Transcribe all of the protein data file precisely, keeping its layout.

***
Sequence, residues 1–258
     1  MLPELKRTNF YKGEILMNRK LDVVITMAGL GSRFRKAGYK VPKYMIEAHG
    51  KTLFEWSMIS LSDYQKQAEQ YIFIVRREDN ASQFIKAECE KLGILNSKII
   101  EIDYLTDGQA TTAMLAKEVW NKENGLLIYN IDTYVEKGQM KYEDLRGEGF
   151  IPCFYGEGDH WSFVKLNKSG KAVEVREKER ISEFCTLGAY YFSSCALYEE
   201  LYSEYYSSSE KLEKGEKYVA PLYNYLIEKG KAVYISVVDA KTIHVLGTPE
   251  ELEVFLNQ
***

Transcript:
Sequence, residues 1–258
     1  MLPELKRTNF YKGEILMNRK LDVVITMAGL GSRFRKAGYK VPKYMIEAHG
    51  KTLFEWSMIS LSDYQKQAEQ YIFIVRREDN ASQFIKAECE KLGILNSKII
   101  EIDYLTDGQA TTAMLAKEVW NKENGLLIYN IDTYVEKGQM KYEDLRGEGF
   151  IPCFYGEGDH WSFVKLNKSG KAVEVREKER ISEFCTLGAY YFSSCALYEE
   201  LYSEYYSSSE KLEKGEKYVA PLYNYLIEKG KAVYISVVDA KTIHVLGTPE
   251  ELEVFLNQ